"The most obvious thing is that they're just elite shooters with great size," Boucek said. "I don't know if people can quite appreciate how good shooters they both are. They're about comparable sizes for the men's/women's game. The other thing that goes along with that is the intangible of the mental toughness they both have. They both are as tough go-to players as you'll find. They both make free throws, which is a huge benefit to teams down the stretch in games. They both also are willing and able passers. They draw help and both are very unselfish team players who are willing and able to make the next pass."

"LJ's a better defender than Dirk," said Robinson, "but the way that they're so tall and shoot like guards and have a good all-around offensive game, they're a lot alike. LJ's meaner and plays better D than Dirk."

"I think Dirk Nowitzki is one of the greatest shooters ever to play," added Storm Head Coach Brian Agler. "He's not the athlete Lauren is. That's not a knock against Dirk; he's a tremendous player. She's quicker, a better defender. But Dirk can flat-out shoot."

In addition to the personnel aspect, Boucek finds Carlisle's offensive system particularly applicable to the women's game.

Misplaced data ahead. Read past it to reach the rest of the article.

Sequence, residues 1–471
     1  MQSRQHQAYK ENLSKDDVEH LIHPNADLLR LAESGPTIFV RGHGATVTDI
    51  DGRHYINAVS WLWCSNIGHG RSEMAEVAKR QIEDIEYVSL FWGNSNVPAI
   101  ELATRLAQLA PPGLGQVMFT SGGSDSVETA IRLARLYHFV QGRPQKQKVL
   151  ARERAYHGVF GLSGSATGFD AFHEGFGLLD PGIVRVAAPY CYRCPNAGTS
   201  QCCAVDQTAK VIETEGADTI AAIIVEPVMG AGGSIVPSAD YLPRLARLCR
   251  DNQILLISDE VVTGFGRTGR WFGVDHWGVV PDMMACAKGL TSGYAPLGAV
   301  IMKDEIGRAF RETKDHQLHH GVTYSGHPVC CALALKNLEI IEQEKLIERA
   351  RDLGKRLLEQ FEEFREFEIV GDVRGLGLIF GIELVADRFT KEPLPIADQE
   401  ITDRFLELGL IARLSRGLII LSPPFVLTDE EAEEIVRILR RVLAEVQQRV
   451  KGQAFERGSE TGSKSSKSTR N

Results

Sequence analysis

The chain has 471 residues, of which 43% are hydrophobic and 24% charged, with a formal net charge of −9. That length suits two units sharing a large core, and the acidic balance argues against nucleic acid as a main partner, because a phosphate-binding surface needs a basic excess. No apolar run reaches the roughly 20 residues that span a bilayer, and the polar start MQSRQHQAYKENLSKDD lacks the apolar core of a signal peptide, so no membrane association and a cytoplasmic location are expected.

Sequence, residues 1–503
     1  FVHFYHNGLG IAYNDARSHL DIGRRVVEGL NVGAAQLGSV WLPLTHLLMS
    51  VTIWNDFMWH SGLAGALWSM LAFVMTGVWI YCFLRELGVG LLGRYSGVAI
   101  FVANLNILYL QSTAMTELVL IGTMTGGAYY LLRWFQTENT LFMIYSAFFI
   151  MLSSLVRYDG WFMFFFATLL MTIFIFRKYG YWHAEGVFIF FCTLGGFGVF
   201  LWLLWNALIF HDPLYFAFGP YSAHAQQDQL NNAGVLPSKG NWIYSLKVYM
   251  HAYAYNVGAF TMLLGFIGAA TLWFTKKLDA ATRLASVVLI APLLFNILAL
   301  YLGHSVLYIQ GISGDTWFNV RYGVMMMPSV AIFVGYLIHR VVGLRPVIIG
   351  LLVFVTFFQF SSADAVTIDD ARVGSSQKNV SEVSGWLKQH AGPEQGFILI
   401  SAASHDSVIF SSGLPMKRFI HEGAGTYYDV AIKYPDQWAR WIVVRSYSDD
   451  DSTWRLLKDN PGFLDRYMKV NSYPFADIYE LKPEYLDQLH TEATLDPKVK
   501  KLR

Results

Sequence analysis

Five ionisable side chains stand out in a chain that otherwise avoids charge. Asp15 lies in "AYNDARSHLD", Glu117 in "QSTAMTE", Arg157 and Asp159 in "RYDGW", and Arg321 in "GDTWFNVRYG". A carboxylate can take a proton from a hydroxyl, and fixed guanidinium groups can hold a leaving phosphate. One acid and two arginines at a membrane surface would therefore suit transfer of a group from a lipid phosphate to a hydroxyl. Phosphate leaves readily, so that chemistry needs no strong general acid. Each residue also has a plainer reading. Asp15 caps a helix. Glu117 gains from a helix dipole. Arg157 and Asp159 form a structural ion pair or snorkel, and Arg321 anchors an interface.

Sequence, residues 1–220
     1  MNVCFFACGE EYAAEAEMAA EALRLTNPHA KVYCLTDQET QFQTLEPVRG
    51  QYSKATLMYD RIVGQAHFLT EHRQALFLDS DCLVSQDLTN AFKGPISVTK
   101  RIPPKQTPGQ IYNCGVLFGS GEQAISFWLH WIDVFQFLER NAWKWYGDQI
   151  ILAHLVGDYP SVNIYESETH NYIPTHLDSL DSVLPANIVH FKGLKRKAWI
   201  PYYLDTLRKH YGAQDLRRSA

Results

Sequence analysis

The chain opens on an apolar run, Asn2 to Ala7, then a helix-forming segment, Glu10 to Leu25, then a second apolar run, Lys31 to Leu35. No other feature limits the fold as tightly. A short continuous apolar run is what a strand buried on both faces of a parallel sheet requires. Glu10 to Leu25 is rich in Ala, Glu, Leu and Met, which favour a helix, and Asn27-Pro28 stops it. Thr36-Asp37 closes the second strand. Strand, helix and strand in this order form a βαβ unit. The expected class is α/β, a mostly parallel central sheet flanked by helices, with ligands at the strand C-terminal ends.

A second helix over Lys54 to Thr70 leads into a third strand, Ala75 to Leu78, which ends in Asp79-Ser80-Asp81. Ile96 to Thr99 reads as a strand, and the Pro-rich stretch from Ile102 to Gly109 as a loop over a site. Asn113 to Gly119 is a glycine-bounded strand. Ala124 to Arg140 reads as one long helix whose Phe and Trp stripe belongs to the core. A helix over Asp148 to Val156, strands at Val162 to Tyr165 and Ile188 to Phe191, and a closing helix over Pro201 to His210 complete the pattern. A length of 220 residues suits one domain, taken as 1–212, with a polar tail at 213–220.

"He believes in a lot of what we like and what works best in our league, which is multiple actions," she explained. "There is a lot of deception, misdirection stuff, and there's a lot of flow and continuity. Those are the things that we have to do because of spacing issues that we have and the defensive rules."

Agler is looking at a wider variety of offenses and defenses when he watches the playoffs on a regular basis.

"I think it's interesting to see how teams try to defend really good players," he said, "how teams try to defend pick-and-rolls, watch some of the spacing teams have. So I pay attention that way, watch the Xs & Os."

Boucek's NBA ties go beyond the Mavericks. She spent the 2006-07 season doing advance scouting for the Sonics, and still has a connection to former Seattle Head Coach Nate McMillan. McMillan's Portland Trail Blazers happened to be in Dallas while Boucek was visiting, and she was able to attend their shootaround and coaches' meeting. On the opposite side of the playoff bracket, Boucek is equally tight with the Miami Heat's coaching staff dating back to her days coaching with the Miami Sol. Boucek worked under Ron Rothstein, now an assistant coach for the Heat, and recalls playing pickup basketball with Miami Head Coach Erik Spoelstra when he was a video coordinator early in his career.

Should the Heat and the Mavericks meet in the NBA Finals, Boucek would be torn. She figures she'd simply root for good games and be glad that both teams advanced so far. Robinson would have less difficulty picking sides. Right now, she's having a tough time cheering against Oklahoma City's Nick Collison, a friend from his days in Seattle, but Robinson is all about her hometown team.

"I'm rooting for them to go all the way this year," she said.

blog comments powered by Disqus